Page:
The lickable-TV guy created electric chopsticks to make food taste saltier

·Contributing Reporter
·1 min read
Issei Kato / reuters

Researchers in Japan have developed a set of electric chopsticks they claim can enhance the taste of salt. The device is attached to a wristband computer. It uses electrical stimulation to transmit sodium ions from food to the eater's mouth, according to Meiji University professor Homei Miyashita, who developed the chopsticks with food and drink maker Kirin.

Miyashita is also the person behind the lickable TV that was announced a few months ago. The idea behind that not-at-all gross device is that people would be able to taste whatever they see on screen.

The chopsticks seem far more practical, especially if they can help people reduce their salt intake. The researchers say the chopsticks can enhance the perceived saltiness of low-sodium foods by around 1.5 times.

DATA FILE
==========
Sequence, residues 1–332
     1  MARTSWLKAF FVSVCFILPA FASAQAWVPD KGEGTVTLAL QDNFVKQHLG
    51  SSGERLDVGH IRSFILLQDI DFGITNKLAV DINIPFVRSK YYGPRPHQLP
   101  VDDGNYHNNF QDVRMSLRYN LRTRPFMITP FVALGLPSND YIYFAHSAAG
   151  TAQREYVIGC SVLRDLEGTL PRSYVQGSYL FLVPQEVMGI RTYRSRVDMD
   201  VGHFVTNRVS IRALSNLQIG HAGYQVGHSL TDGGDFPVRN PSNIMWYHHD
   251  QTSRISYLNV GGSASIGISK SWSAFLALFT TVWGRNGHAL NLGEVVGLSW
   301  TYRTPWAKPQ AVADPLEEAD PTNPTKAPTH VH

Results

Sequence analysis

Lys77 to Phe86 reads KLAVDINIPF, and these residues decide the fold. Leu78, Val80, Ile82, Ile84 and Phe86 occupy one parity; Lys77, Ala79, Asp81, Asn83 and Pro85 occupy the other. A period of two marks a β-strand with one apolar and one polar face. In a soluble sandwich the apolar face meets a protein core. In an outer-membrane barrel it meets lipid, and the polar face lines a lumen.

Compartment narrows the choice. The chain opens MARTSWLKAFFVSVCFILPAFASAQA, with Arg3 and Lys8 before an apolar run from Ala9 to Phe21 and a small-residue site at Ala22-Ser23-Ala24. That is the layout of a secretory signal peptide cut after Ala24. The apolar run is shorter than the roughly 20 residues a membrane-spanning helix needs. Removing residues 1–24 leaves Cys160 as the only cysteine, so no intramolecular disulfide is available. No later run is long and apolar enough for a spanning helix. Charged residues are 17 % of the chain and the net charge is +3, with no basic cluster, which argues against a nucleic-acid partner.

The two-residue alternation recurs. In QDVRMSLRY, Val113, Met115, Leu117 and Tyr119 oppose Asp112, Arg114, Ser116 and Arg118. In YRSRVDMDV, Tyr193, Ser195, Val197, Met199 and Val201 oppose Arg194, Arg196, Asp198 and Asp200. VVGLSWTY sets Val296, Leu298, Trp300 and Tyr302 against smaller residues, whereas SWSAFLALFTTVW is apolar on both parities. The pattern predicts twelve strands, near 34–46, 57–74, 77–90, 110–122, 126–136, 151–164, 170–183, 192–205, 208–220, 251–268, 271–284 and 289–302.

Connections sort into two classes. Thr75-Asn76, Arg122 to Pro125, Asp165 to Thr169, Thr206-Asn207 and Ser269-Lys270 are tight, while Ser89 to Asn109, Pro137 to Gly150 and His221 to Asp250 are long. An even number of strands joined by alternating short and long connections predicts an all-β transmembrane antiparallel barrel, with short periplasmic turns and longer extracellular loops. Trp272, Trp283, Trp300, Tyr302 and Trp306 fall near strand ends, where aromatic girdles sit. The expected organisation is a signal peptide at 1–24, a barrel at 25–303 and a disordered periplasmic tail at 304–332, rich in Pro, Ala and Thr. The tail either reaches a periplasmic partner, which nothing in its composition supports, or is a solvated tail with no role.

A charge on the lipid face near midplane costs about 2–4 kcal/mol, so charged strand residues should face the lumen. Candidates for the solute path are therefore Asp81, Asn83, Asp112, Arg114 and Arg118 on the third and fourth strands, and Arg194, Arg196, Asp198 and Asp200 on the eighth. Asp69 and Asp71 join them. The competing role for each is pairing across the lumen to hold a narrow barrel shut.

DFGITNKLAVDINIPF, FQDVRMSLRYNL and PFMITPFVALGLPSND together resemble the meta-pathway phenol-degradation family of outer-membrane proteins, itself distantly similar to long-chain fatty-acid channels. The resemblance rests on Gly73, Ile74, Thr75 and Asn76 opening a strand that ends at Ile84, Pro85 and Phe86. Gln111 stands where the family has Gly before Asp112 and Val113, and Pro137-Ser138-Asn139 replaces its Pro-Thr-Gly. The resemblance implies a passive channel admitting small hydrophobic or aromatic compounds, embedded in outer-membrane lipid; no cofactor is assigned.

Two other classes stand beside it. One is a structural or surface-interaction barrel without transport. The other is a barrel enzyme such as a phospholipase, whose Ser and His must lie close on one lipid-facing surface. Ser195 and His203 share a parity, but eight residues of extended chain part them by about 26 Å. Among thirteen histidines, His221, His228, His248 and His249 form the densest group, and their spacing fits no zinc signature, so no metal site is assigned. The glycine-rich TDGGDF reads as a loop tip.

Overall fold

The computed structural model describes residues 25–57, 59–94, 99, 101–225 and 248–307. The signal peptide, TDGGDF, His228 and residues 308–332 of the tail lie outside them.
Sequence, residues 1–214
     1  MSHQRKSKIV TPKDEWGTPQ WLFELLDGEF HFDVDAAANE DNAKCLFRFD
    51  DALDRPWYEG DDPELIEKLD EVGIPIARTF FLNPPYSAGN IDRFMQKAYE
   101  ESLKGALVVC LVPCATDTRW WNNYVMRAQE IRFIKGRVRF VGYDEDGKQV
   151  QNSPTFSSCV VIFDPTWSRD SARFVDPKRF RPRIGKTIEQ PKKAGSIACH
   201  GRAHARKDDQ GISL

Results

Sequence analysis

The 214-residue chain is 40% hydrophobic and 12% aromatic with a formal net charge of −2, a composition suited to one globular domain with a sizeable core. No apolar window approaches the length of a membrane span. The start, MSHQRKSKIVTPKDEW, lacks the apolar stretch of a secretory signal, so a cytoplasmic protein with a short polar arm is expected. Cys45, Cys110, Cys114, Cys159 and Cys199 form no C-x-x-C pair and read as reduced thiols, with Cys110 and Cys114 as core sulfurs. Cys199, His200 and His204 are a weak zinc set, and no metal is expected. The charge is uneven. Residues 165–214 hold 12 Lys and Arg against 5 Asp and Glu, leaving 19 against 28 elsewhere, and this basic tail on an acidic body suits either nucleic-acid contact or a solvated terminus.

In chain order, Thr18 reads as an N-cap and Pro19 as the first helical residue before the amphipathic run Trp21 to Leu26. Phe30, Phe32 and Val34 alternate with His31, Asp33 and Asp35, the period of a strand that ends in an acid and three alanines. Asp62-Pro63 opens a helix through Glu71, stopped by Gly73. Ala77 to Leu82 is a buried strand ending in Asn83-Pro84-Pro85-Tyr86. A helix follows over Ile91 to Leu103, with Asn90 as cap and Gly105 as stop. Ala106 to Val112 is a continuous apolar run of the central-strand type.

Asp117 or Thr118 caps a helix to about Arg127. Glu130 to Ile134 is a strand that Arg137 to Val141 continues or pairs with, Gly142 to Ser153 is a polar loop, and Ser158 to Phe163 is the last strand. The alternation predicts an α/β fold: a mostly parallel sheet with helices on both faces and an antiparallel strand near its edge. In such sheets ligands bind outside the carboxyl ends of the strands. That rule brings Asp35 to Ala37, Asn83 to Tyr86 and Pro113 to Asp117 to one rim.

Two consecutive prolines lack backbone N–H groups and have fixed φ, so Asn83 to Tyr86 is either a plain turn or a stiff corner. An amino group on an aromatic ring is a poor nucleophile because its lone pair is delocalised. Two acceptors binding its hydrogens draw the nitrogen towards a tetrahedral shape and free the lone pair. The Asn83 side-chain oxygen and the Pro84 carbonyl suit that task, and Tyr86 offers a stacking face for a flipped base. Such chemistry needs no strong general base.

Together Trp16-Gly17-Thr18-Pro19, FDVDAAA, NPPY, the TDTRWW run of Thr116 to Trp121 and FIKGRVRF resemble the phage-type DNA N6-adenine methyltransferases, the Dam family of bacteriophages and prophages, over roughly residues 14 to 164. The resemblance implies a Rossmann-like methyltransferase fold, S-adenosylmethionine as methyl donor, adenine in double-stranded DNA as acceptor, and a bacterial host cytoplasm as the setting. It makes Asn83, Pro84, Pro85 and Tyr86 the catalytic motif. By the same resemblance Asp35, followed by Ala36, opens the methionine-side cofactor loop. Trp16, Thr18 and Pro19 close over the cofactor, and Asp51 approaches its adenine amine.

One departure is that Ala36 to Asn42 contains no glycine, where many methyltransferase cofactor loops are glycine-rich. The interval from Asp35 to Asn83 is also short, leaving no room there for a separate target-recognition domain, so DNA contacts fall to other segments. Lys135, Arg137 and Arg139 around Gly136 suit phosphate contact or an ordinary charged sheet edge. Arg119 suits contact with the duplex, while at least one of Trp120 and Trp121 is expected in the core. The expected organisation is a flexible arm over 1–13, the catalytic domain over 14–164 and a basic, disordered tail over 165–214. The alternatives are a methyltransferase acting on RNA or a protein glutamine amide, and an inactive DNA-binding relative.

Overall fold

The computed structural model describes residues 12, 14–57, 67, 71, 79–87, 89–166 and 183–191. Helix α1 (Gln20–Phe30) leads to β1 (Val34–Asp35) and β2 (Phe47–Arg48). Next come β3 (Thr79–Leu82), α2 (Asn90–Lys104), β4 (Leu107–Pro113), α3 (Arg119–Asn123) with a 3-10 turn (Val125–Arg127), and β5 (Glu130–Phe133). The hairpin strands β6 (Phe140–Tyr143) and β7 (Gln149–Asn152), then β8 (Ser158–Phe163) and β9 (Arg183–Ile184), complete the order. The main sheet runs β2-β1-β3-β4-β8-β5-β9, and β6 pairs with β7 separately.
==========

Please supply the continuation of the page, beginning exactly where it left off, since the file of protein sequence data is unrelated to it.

An employee of Kirin Holdings demonstrates chopsticks that can enhance food taste using an electrical stimulation waveform that was jointly developed by the company and Meiji University's School of Science and Technology Professor Homei Miyashita, in Tokyo, Japan April 15, 2022. Picture taken April 15, 2022. REUTERS/Issei Kato
An employee of Kirin Holdings demonstrates chopsticks that can enhance food taste using an electrical stimulation waveform that was jointly developed by the company and Meiji University's School of Science and Technology Professor Homei Miyashita, in Tokyo, Japan April 15, 2022. Picture taken April 15, 2022. REUTERS/Issei Kato

As Reuters notes, the traditional Japanese diet skews toward salty flavors. A typical Japanese adult consumes around 10 grams of salt per day, twice the level that the World Health Organization recommends. High sodium intake is linked to increased risk of stroke, high blood pressure and other conditions.

Artificially enhancing the saltiness of dishes could make it easier for people to opt for low-sodium options without having to skimp on flavor. Miyashita and Kirin have also discussed using the tech in spoons and tea bowls. They're refining the prototype of the chopsticks and aim to start selling the product as soon as 2023.

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